Occassionally, a startup will get a term sheet from an angel with a pre-money valuation less than the investment amount (i.e., the angel wants control of the startup). And “control” isn’t just defined as a majority of the shares of the company — if the angel asks for approval of all budgets & hires or for a board seat (and they would represent 1/2 of the board) they are still asking for control.
When this occurs, you need to determine the reason why your potential angel investor wants control. Is it based out of fear or corporate narcissism?
That is, you have to figure out whether your angel wants control because he or she doesn’t know any other way to protect the investment in your startup or because he or she believes they can run the startup better.
If the request for control is based on fear, the investor needs to either (a) not invest in your startup, or (b) get educated on various terms of an investment that could help protect their investment. This education could come from you or your lawyer, but preferably from the angel’s lawyer.
If the request for control is based on corporate narcissism, you probably need to find a new investor. Most angels have the ability to make an angel investment in your startup because they successfully managed/owned/exited a company or ten. And they probably started this when you were busy collecting Garbage Pail Kids. Thus, they likely you view as “not ready from primetime” and their future employee.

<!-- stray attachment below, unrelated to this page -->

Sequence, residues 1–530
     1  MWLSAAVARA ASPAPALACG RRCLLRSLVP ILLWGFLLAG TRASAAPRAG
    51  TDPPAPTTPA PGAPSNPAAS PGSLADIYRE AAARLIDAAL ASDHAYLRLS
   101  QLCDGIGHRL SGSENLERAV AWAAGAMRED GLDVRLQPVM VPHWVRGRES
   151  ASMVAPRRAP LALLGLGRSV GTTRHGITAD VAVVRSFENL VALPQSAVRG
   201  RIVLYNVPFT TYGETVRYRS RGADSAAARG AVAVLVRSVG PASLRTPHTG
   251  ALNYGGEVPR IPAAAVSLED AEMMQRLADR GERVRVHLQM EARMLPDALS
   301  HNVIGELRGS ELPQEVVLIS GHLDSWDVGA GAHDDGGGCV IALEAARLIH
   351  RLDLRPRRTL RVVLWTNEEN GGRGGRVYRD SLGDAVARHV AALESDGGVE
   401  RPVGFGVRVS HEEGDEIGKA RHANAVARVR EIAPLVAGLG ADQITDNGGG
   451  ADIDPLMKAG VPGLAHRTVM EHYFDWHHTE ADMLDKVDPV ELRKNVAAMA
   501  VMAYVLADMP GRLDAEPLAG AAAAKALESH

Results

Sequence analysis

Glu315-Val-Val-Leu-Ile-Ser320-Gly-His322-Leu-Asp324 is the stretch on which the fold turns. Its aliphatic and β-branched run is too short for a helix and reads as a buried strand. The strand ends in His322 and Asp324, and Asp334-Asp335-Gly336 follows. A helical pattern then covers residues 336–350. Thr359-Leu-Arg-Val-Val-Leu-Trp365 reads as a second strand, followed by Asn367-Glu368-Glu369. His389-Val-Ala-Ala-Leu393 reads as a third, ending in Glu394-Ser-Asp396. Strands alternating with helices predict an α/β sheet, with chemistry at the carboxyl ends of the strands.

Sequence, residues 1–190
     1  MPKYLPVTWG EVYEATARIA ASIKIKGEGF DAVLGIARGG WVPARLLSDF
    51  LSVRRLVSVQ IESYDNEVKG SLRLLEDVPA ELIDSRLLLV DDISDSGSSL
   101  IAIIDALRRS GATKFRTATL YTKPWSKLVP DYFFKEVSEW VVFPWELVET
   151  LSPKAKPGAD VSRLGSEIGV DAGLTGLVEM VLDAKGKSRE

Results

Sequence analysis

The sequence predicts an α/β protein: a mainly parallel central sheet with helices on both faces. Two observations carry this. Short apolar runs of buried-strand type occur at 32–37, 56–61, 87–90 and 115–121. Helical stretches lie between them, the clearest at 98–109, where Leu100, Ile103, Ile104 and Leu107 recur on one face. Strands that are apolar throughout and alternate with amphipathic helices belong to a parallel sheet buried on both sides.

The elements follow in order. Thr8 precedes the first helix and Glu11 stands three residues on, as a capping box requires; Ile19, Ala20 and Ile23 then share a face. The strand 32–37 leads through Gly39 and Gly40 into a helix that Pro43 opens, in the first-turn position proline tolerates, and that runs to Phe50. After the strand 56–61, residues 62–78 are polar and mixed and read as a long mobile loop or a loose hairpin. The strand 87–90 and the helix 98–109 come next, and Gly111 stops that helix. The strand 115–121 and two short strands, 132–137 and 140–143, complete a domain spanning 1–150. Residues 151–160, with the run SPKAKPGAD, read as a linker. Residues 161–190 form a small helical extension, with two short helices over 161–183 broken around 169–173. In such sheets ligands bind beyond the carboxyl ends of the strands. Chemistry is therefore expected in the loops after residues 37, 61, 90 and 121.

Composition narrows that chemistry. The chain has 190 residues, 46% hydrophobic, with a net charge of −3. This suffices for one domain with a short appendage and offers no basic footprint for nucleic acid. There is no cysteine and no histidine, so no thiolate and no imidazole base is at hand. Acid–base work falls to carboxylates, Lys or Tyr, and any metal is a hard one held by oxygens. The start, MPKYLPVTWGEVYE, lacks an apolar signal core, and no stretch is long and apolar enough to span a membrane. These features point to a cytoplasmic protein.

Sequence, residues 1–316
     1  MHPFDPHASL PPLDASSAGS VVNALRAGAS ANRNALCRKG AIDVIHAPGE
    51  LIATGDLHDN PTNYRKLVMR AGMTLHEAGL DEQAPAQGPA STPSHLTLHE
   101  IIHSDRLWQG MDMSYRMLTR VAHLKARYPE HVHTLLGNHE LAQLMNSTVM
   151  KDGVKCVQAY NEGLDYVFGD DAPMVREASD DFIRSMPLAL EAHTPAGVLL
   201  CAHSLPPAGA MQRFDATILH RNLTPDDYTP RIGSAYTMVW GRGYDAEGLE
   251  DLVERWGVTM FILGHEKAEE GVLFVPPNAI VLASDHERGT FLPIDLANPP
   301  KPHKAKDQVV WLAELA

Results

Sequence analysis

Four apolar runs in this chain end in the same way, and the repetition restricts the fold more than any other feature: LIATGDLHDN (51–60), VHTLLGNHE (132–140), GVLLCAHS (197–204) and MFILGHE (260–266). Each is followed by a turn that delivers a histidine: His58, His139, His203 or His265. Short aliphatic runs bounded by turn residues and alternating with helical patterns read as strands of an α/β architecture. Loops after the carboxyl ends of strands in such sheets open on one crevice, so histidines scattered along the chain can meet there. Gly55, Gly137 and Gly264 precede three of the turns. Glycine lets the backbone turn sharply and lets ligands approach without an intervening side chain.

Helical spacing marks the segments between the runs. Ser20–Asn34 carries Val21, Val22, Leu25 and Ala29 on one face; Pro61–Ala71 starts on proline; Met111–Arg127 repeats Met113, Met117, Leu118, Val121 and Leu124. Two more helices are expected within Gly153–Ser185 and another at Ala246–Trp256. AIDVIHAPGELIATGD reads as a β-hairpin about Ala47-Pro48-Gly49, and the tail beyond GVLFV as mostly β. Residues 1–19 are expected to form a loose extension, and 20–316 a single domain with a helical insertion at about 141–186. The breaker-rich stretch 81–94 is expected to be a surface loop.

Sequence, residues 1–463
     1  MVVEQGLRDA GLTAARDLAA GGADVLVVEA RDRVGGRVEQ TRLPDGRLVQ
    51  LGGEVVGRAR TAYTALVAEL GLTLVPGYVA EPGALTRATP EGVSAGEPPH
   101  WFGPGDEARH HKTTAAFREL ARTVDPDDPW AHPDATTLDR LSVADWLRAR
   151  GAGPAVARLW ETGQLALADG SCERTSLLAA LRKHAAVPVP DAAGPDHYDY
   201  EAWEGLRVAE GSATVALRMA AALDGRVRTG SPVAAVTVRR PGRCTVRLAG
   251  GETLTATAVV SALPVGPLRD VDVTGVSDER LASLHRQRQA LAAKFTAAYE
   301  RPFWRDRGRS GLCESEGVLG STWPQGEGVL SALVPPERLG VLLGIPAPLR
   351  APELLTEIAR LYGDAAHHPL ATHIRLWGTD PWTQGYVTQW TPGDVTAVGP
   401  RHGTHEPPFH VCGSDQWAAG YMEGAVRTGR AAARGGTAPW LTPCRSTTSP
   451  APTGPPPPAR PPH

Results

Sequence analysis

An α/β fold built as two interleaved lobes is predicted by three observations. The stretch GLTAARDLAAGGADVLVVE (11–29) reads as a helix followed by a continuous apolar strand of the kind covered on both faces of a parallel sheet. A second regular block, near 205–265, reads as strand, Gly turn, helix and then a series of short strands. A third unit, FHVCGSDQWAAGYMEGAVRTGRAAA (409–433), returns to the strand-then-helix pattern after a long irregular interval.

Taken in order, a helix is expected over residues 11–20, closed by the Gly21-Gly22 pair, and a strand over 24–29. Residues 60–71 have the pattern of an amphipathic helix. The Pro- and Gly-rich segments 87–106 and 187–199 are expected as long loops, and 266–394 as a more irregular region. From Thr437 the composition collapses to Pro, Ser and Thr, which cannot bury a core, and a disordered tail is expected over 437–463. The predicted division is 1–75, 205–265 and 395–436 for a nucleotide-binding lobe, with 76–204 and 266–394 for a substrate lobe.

If the corporate narcissist angel’s background involves tech (or at least something similar to what your startup is implementing), then the control aspect can be somewhat tolerable…in the short run. But you never want to end up with an angel controlling your tech startup during the day, then calling you at night because he can’t get his iPad to work on his wifi network.
Investor fear is workable, but corporate narcissism is a deal breaker. At the end of the day, don’t give up control to any angel. And from my experience, the good angels don’t want it.